I did a couple dozen paintings while in France, some of which are studies for larger canvases I’m starting in the studio, and some are finished paintings I will now exhibit. All of them are part of the experience, the joy of being there and taking it all in. For me, it’s all about exploring, understanding and creating, and as long as I’m doing that I know I’m alive!
Many thanks to Les Amis de La Vignette for a wonderful residency.
I’m often asked about why some of my paintings look very loose and brushy and some look much tighter, more detailed. The short answer is that some paintings I do en plein air and some in the studio.
En plein air simply means “outdoors”, and is generally understood to mean painted on location, from life. Because of the immediate nature of the work, and the time constraints (think changing light, rising tide, clouds moving in, etc.), it has a quick and impressionistic feel. Some of these paintings will serve as vital studies for other larger pieces and never be signed or framed. But some of them will be complete and stand as finished paintings worthy of a signature and a frame. They will have a freshness to them and often some sand or bugs or other location souvenirs, which help to tell the story of a particular place and time.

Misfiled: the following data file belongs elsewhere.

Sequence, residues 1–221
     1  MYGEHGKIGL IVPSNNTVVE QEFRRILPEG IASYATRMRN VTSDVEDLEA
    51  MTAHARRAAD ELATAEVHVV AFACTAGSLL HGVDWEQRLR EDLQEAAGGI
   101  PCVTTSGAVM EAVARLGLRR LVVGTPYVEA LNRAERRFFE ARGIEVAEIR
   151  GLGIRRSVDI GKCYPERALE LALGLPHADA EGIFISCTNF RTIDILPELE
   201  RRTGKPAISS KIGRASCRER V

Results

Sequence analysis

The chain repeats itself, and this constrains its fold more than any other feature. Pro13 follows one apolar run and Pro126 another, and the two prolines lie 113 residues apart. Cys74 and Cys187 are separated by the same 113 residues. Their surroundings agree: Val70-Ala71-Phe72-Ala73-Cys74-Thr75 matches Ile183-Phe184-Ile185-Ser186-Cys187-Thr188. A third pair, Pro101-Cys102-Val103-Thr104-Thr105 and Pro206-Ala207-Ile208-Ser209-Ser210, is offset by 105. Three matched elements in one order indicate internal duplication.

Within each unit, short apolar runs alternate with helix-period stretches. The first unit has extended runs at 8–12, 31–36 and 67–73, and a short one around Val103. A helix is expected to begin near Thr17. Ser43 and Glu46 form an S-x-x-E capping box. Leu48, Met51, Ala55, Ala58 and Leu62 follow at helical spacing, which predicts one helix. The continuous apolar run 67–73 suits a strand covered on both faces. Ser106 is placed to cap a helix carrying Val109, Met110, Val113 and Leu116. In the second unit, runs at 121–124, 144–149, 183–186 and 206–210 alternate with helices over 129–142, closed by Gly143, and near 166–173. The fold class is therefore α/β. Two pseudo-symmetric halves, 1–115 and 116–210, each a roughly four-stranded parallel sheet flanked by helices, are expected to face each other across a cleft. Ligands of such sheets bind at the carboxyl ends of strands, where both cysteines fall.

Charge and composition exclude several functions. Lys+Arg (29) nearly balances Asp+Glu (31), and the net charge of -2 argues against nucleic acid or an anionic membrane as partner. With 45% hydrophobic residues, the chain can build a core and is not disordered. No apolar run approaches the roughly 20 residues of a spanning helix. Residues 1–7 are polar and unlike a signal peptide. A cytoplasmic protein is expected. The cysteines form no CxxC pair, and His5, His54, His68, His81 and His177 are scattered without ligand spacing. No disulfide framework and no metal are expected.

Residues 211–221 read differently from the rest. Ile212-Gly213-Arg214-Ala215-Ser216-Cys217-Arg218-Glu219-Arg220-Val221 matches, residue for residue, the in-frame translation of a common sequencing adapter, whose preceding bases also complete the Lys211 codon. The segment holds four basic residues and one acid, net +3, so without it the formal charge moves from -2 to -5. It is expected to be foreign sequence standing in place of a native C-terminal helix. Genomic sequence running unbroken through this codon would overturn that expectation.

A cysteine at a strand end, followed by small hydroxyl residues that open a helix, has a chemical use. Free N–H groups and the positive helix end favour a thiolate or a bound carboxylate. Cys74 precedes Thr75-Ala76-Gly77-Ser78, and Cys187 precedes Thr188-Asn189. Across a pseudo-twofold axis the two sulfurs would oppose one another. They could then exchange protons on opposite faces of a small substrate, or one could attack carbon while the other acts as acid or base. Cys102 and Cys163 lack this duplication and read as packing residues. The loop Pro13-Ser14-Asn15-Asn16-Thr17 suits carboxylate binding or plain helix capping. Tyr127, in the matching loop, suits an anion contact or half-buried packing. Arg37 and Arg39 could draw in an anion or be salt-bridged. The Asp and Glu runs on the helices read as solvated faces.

Paintings I complete in my studio benefit from hours of planning and pondering and carefully working to bring a scene and its moods to life. All that is observed, seen, heard, smelled and studied gets funneled into the painting. I use the studies painted on location along with photographs and all I remember to bring the canvas to life. Usually these paintings are much larger and have a more contemplative feel.
Plein air paintings relate to studio paintings much as short stories relate to novels. Both tell stories in different ways, but if successful, both can be moving and effective works of art.
Travel has always been a vital part of my life as an artist. The exploration, the discovery, the inspiration that comes from a change in location, all appeal to me. Usually I alternate between the urge to paint familiar surroundings and the urge to immerse myself in someplace completely foreign.